Medicare Annual Enrollment is Happening Now

Before choosing a Medicare plan, know your options, do your research and select the plan that best meets your needs

Medicare annual enrollment opened in October and will close on Dec. 7. Determining which Medicare plan is the best is an important decision for individuals nearing age 65 or those who qualify due to a disability. 

According to Ed Sandrick, director of Humana Veterans Channel, even veterans receiving benefits through the VA might be interested in additional health care options, such as access to urgent care or providers closer to home. 

Calculator displaying Medicare and pills from a spilled prescription bottle sit on top of money“Many Medicare and Medicare Advantage plans will not conflict with a veteran’s VA benefits. They can have both,” said Sandrick, a member of VFW Post 3873 in Naperville, Ill. 

Information about various plans is available at The sign-up window for Medicare lasts seven months and begins three months before you turn 65.

“Evaluating the costs of the various Medicare plans, including premiums, deductibles, co-payments and maximum out-of-pockets, is important information to consider,” Sandrick said. “Also important to consider, think about the provider networks that participate in the plans. Veterans should study their total health care expenses from the past year and what they may spend in the coming year.”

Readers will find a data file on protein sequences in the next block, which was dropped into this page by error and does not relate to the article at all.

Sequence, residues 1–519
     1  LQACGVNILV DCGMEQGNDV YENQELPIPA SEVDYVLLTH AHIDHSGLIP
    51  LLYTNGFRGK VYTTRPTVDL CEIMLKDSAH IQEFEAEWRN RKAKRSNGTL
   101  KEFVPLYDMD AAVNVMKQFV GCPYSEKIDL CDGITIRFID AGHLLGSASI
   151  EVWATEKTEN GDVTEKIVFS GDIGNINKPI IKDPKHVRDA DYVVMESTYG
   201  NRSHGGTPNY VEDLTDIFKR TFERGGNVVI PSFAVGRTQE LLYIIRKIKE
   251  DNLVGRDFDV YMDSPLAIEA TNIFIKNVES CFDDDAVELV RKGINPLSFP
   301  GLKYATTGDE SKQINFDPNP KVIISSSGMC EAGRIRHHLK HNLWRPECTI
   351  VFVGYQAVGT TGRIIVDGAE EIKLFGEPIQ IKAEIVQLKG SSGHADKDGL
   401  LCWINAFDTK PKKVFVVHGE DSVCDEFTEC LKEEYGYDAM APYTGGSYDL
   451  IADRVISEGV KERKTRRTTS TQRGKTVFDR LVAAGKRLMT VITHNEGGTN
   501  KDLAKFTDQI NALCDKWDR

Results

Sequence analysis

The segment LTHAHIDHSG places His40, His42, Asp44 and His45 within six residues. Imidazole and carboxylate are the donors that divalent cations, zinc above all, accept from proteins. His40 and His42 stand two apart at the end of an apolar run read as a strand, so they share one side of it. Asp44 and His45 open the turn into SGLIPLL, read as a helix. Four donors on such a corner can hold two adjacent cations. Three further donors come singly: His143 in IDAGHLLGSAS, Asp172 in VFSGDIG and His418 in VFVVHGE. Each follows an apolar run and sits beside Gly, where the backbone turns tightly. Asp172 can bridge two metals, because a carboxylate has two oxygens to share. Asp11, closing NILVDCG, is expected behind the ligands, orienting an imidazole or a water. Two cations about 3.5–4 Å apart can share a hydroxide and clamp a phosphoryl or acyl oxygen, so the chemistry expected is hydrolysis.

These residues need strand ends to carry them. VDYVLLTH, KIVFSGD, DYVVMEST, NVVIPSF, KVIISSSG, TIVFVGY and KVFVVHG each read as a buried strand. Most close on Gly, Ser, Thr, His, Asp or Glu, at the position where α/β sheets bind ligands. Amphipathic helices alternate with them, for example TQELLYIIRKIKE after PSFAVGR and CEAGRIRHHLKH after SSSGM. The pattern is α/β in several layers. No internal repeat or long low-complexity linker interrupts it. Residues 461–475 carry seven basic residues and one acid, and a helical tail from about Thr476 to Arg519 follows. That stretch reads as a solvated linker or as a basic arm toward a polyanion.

Medicare Part A and Part B also is known as original Medicare. Part A includes hospital stays, skilled-nursing facilities, hospice and some home health care. Part B covers specific doctors’ services, outpatient care, medical supplies and preventative services. 

Original Medicare does not cover costs at 100 percent, and supplemental plans are designed to make up the difference.

After enrolling in Medicare Part A and B, you have the opportunity to enroll in an all-in-one plan called Medicare Advantage, or Part C.

“All the benefits under Part A and B are covered through a private insurer,” Sandrick said. “It also may include additional benefits such as fitness center memberships as well as dental, hearing and vision coverage.” 

Prescription coverage is an important part of the Medicare decision, too.

 “Additionally, veterans can look at their prescription medication needs and plans’ drug formularies — that is, the list of drugs a Medicare Advantage prescription drug plan covers,” Sandrick said. “Original Medicare alone does not include prescription drug coverage. Veterans who may be receiving their prescription drugs from their VA benefits may not need a plan that includes prescription drugs and may want to explore a Medicare Advantage plan that does not have prescription coverage built in to avoid benefit conflicts.”

Another option is Medigap, a Medicare supplement that covers some health care costs that are not covered by Medicare. 

“These standardized plans do not include prescription drug coverage, nor do they include the extra benefits that many have come to expect from Medicare Advantage plans and generally have a higher monthly premium,” Sandrick added.

Finally, Medicare Part D provides prescription drug coverage and is offered by insurance companies approved by the government.

Medicare participants have the opportunity to make changes to their plan during annual enrollment periods, Oct. 15 through Dec. 7. 

If you have questions about your Medicare options, call VFW’s Member Benefits Department at 1.800.821.2606, option 1. 

This article is featured in the November/December 2019 issue of VFW magazine, and was written by Janice Phelan. Phelan is a freelance writer based in Lee's Summit, Mo.